One of the tallest man-made structures in Belize!


Climbing Caana


We made it!


Top of Caana


Beautiful Stella


This is what ruins looks like before their excavated. It’s a wonder they’re ever found!


Wooden Lintel – original!


Our trusty rental car


Enjoying Rio On Pools


Beautiful way to end the day: Big Rock Falls

Click here to see the route we took. 

Cave Adventure: Actun Tunichil Muknal

One of the activities we were most looking forward to in our time in San Ignacio was a visit to the Actun Tunichil Muknal cave (called ATM for short). This cave is undeveloped so it is quite an adventure just to explore. Plus, there are also Mayan artifacts and skeletons in a large chamber inside. We enjoy cave formations and we enjoy Mayan ruins, so this was an excellent activity for us!

Because of the unique nature of the cave and its artifacts, you have to go there as part of a guided tour. The tours were quite expensive, but we decided it was a unique opportunity. We evaluated a few different tour guides and eventually chose Mayawalk because their offering was slightly cheaper. (We were warned their their tour would be rushed and impersonal, but that would turn out to be far from the truth).

Our ATM tour was composed of us and 6 other people. We drove out to the trailhead with our guide Martin and started the mile-long walk to the cave.

By the way, we don’t have any pictures from this adventure. A few years ago, a tourist dropped a camera on an ancient Maya skull, leaving a giant crack. So, the powers that be decided to ban cameras altogether.

The walk out to the cave turned out to be pretty interesting just on its own. Martin would stop frequently to show us something interesting, such as leafcutter ants or cohune nuts (which we ate). There were also three river crossings which we had to ford. After some recent rains, the water was moving pretty swiftly!

After a quick snack break, it was time to go into the cave itself. We put on our hard hats and headed for the cave. The entrance to the cave is pretty unique-you have to swim 20 feet across a deep pool of water! Some people indicated it was going to be difficult to get across, but it turned out to be easy.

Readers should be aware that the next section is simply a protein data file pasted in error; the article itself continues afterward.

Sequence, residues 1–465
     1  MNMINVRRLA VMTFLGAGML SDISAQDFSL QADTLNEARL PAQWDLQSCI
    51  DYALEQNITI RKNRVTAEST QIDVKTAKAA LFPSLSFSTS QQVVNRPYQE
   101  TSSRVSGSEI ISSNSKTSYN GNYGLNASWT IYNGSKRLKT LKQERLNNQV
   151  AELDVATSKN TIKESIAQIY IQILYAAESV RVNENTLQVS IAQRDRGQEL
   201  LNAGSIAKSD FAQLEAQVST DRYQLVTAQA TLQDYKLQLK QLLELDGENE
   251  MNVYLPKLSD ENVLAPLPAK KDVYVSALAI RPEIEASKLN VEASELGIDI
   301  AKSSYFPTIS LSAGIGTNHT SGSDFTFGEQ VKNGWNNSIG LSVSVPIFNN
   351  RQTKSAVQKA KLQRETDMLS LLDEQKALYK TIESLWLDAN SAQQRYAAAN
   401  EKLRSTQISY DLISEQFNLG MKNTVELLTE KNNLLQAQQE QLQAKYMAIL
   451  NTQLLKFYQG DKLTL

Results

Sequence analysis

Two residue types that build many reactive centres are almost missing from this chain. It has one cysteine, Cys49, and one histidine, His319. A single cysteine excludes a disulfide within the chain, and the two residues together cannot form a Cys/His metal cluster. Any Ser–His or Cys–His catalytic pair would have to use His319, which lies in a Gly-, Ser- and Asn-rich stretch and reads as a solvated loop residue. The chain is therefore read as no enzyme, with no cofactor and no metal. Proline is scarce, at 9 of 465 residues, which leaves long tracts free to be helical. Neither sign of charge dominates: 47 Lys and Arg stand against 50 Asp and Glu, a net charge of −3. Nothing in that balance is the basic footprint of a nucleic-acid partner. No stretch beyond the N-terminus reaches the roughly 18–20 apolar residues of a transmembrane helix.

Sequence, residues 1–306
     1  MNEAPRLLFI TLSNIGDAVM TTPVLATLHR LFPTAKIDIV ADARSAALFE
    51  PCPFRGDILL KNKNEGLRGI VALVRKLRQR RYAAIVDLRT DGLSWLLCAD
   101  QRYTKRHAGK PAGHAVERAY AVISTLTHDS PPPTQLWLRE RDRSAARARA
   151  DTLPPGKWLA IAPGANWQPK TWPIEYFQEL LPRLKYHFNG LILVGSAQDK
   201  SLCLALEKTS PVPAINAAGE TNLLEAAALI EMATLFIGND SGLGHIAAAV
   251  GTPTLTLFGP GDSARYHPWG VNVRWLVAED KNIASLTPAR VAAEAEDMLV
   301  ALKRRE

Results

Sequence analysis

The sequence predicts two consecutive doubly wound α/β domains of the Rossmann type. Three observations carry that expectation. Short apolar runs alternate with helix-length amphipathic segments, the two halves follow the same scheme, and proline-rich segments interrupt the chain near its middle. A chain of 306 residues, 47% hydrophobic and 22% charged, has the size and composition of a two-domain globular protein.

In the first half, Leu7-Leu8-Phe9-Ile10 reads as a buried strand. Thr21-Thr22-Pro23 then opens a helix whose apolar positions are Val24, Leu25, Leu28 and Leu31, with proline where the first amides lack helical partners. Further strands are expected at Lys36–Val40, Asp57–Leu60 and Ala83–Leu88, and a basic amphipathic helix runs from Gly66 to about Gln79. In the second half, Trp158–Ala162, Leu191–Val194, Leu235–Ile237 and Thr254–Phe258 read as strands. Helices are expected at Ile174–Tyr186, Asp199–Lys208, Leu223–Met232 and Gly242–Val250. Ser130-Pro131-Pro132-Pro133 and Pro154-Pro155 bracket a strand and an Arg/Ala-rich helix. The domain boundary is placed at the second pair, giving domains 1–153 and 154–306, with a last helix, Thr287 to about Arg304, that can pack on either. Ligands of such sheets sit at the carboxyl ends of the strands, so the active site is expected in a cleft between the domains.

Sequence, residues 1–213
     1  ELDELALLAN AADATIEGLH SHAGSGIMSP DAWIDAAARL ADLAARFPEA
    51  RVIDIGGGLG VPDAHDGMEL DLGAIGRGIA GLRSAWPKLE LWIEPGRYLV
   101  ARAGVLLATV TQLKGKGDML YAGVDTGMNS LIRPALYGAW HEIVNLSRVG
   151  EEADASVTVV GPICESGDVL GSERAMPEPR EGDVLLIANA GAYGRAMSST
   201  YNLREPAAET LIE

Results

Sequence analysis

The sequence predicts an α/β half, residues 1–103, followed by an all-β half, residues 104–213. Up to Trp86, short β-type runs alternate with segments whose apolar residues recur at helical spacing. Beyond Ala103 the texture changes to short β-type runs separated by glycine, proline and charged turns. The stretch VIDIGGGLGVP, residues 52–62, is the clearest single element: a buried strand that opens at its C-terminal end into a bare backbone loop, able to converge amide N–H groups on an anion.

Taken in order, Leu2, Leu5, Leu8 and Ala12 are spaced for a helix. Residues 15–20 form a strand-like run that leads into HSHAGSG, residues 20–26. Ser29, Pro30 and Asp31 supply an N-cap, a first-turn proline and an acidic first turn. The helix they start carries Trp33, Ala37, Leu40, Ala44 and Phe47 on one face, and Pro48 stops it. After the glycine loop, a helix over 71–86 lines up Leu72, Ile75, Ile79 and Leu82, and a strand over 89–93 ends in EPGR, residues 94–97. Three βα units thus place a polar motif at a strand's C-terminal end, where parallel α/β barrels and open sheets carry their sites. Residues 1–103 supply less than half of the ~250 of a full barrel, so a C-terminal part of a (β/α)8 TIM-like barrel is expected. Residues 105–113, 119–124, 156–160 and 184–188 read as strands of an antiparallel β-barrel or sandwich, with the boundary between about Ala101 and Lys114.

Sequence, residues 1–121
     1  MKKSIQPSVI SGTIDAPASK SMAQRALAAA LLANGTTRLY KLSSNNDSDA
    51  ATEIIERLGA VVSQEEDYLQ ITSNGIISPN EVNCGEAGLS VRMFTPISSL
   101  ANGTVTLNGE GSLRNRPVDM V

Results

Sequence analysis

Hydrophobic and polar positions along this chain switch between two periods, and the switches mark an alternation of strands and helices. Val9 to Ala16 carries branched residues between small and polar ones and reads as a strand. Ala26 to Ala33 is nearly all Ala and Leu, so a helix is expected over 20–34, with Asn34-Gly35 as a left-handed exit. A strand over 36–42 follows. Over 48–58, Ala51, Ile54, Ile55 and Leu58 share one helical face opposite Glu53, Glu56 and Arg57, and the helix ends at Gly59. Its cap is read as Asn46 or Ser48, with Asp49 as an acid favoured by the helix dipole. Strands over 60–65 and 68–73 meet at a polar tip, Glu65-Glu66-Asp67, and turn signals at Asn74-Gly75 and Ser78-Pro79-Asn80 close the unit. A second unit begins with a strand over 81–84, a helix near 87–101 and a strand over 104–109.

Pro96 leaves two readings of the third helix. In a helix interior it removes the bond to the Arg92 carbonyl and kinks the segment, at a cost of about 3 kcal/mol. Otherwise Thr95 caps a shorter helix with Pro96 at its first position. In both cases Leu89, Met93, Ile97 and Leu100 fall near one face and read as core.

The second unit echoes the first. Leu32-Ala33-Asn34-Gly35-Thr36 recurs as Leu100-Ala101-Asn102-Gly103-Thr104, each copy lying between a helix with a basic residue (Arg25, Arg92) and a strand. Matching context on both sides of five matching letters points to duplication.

The first mile of the cave was definitely a pretty wild experience. This is not a calm path with a handrail – you are walking into an undeveloped area. The cave has water running through it which you are walking against most of the time ankle deep but in some cases chest deep!

At one point Martin had us stop so he could look at our neck size, We were a little confused, but after going through the obstacle it made sense – you had to go through some chest deep water between two boulders.The best way is to go through with your neck between the skinniest part!

Martin had us walk one calmer stretch without flashlights – only being guided by placing our hand on the person in front of us. Here is a re-creation of what that looked like:

Pitch Black Darkness

After about a mile of spelunking,we got to the chamber with the Mayan artifacts. We took off our shoes because the artifacts are just lying on the ground right next to you, so they really didn’t want us stepping on them.

First, we looked at many different examples of Mayan pottery. It seemed as if they were arranged into ceremonial offering sites. Martin had us as a group try and interpret what the layout might symbolize. We weren’t ever sure if we got it “right,” but that might have been the point.

Then, we got to see actual skeletons of the Mayans that are still in the cave today. Over time, they have been calcified by the elements and almost look like part of the cave. It was pretty amazing to be able to observe them from a few feet away with nothing separating us. The most impressive remains are what they call the “Crystal Maiden,” a well-preserved female skeleton whose calcification causes the bones to sparkle.

Crystal Maiden - from Wikipedia

Crystal Maiden – from Wikipedia

Because our group spent so long doing various interpretations, we were the last of the various tour groups that day out of the cave. At this point we were also starting to get pretty cold – our clothes were still wet from going through the water, and there isn’t any warm sunlight to dry us off underground! Therefore, we walked out of the cave and then down the trail much faster than we did one the way in. We had a late provided “lunch” back at the van, and then headed back to San Ignacio.

Overall, we really enjoyed the trip and would highly recommend seeing ATM if you are in San Ignacio. It is worth the cost if you have any interest in caves or ancient artifacts. It certainly does not feel like something that you would be allowed to do in the US without filling out extensive paperwork!